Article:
Ideas for LGBTQ outreach


  I applaud your initiative. Although issues are important, the manner
in which you go about your activism will probably make more difference
than which particular issues you choose. For instance, try dressing in
drag and handing out condoms at a bar, bath house, or circuit party
along with your fliers.

  Here's an idea for a gay outreach flier: A picture of a good-looking
guy's butt with the caption "Nice Ass," next to a picture of a donkey
labeled "Democratic Party" and the caption "Not Nice Ass." Underneath
the photos, the words "Tell the politicians you won't kiss their ass
any more. Vote Libertarian!" I'm sure you can think of some good text
for a message on the flip side, but let me know if you decide to do it
and could use further suggestions.

Yours in liberty,
                <<< Starchild >>>

I'm looking for help in writing some outreach material for the local
gay community in Laguna Beach. Unfortunately, in a place where
nearly 25% of the adults are gay and nearly 50% of the adult men
are gay, I have yet to find any Libertarians.

I'm not extremely discouraged by that, since I know my job as an
activist, officer times two and a candidate is one of education.
I just need a place to begin.

What are the main issues I should focus on? Especially those
in contrast to the gay community's usual political home, the
Democratic Party.

I think I can do pretty well with the solutions to the issues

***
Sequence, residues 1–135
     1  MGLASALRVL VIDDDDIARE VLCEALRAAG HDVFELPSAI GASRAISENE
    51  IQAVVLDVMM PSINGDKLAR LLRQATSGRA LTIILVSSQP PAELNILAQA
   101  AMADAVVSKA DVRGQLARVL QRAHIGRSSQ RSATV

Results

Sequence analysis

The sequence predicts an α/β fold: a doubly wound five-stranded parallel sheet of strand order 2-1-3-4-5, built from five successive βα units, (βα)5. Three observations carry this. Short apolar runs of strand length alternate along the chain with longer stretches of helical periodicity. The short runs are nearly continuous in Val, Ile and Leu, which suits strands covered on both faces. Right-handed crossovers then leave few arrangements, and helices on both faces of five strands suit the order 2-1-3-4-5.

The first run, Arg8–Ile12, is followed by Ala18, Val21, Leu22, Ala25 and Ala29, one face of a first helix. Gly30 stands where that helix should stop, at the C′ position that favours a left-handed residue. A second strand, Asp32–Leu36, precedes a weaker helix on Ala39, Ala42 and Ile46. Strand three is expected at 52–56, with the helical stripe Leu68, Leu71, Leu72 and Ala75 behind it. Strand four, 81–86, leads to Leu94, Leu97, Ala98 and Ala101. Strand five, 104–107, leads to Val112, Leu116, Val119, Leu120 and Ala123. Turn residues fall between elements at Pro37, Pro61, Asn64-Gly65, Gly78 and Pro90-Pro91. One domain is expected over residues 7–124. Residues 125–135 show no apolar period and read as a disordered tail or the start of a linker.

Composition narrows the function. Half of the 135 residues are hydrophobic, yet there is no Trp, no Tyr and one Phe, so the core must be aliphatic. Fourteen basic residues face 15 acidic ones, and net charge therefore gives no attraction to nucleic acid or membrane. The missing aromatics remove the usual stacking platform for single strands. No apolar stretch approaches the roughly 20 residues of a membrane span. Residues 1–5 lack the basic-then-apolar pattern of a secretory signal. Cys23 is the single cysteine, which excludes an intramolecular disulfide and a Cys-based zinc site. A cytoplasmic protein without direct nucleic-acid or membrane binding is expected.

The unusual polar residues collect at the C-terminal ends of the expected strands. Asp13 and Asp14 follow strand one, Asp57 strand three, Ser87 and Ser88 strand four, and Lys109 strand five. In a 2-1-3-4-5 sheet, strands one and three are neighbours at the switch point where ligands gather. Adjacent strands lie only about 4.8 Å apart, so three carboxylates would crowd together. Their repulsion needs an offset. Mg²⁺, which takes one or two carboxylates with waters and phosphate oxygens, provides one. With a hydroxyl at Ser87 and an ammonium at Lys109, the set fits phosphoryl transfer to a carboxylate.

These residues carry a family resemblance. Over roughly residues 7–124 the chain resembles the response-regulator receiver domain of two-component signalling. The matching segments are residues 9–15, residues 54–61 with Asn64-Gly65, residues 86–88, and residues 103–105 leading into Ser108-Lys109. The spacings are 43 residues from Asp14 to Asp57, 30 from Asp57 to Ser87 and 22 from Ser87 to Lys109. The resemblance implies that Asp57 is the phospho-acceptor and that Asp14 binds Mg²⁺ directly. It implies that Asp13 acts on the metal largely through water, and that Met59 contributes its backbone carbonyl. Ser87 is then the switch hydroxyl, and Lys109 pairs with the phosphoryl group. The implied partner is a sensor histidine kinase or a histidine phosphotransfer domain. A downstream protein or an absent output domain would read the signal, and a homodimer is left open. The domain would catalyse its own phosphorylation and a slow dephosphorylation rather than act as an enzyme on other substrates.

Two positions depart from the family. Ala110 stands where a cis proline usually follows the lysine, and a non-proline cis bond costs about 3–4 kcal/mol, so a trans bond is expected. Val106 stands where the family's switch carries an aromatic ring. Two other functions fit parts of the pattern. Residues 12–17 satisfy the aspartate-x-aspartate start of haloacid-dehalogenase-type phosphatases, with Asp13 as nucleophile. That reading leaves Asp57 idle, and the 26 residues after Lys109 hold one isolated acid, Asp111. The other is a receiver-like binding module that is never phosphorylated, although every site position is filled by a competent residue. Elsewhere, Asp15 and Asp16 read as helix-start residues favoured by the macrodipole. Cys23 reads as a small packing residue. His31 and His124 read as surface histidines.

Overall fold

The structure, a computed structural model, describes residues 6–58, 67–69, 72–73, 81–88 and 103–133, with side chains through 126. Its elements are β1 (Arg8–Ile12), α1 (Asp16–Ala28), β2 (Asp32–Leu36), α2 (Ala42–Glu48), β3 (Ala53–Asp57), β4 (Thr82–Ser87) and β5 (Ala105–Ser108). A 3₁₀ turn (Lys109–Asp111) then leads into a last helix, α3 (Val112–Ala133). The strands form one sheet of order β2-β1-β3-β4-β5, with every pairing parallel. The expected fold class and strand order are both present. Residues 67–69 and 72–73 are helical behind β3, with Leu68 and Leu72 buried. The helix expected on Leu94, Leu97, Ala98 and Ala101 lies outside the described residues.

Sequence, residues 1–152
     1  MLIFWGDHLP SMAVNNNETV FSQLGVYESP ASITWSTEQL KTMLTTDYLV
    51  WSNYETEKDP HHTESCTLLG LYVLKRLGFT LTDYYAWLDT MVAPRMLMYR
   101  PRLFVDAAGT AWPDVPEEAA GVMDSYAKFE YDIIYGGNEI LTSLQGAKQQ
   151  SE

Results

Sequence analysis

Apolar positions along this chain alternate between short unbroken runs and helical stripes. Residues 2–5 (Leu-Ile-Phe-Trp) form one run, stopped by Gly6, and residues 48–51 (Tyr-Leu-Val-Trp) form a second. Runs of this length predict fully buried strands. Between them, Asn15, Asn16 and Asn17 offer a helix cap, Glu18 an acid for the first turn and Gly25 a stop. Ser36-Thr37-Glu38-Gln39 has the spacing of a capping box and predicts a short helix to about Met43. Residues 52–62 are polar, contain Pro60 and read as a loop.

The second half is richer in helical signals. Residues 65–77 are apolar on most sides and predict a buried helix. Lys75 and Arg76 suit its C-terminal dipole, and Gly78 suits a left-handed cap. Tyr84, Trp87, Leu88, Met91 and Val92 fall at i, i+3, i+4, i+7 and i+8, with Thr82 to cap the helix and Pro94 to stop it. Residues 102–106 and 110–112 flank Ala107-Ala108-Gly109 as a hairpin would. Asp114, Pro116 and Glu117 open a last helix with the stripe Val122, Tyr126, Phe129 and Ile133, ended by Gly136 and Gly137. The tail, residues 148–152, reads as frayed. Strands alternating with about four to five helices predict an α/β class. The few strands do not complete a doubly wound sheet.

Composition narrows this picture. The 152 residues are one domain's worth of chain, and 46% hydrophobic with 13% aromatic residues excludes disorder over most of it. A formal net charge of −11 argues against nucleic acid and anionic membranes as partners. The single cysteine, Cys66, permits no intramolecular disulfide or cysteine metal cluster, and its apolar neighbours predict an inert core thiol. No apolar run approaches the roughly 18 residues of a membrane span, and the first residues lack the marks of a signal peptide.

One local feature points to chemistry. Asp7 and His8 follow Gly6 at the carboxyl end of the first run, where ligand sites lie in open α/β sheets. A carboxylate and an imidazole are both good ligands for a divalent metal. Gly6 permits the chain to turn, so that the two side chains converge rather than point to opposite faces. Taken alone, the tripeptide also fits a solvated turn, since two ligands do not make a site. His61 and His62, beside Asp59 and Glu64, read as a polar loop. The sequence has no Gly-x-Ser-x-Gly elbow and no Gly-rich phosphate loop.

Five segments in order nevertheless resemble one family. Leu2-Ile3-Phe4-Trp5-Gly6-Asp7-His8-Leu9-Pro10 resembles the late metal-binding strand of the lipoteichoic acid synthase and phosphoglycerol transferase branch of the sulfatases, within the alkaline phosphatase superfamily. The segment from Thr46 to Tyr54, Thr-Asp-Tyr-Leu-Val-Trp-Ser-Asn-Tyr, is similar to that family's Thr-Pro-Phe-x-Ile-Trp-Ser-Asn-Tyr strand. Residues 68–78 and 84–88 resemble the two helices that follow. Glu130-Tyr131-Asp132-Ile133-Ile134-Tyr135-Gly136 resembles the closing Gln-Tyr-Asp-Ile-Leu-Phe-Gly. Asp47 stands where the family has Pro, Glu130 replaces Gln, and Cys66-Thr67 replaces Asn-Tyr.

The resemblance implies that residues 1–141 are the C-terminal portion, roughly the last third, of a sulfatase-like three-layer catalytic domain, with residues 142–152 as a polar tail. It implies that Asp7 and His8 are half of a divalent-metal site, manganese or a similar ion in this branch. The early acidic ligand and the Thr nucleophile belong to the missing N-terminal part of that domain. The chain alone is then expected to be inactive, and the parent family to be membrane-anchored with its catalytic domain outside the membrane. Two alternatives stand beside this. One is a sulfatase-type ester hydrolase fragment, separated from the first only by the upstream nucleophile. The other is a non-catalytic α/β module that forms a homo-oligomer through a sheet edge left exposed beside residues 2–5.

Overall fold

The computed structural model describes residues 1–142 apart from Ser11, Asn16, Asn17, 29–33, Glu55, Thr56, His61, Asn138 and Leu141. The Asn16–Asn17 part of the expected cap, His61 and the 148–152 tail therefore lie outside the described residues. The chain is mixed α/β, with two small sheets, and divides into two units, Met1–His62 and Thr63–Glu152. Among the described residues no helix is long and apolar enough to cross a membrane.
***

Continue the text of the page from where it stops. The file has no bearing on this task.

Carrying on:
and framing our positions. I just want to know where to focus.

Any other ideas, suggestions and commentary welcome.

Bruce Cohen
LPCA Board of Directors
LPOC Board of Directors
Libertarian US Congressional Candidate

From: "Starchild" <>
To: <>
Cc: "LPSF List" <>; "Bay Area Liberty"
<>; <>
Sent: Tuesday, November 04, 2003 12:01 AM
Subject: [lpsf-discuss] Re: [ba-liberty] Transgender Day of
Remembrance Nov. 20, SF

> Jeff,
> Who said anything about "special privileges?" That is the code-phrase
> that right-wingers typically use any time an argument of equal rights
> for sexual minorities comes up, since they can't muster any real
> argument against all adult human beings having equal rights under the
> law.
> Indeed you are right that government should not recognize or
> discriminate against any persons. This means no restricting marriage
> certain combinations of persons, no race, gender, or sexual
> check boxes on forms, and no government facilities segregated on the
> basis of gender. Especially when government is trying to force
> to identify with a gender which is not the individual's gender of
> choice.
> As the Advocates for Self-government might put it: Who should decide
> which gender you belong to, you or the government?
> Yours in liberty,
> <<< Starchild >>>
> >> Since government still fuels perceptions that
> >> individuals are second-class citizens by legally discriminating
> >> against
> >> them,
> >
> > Your premise is false from a libertarian perspective.
> > Libertarians should seek to remove the government from
> > officially *recognizing or discriminating* against
> > any person or persons. That does not mean special
> > government privileges for certain persons, married,
> > gay, straight, or whatever. It means getting the
> > government out of the business of registering,
> > licensing or otherwise regulating these lifestyle
> > choices in the first place. The first principle
> > of libertarians ought to be that government is not
> > the answer, and that private, voluntary solutions are
> > far better than using the coercive force of government
> > to enforce some pet social policy or enact some social
> > change.
> >
> > Starchild, you frequently seem to take the position
> > that government *is* the answer, so I question your
> > understanding of libertarianism.
> >
> > Yes, I know this is one of those "you're not libertarian
> > enough" messages that everyone hates, but it needs to
> > be said.
> >
> > Jeff C.
> >
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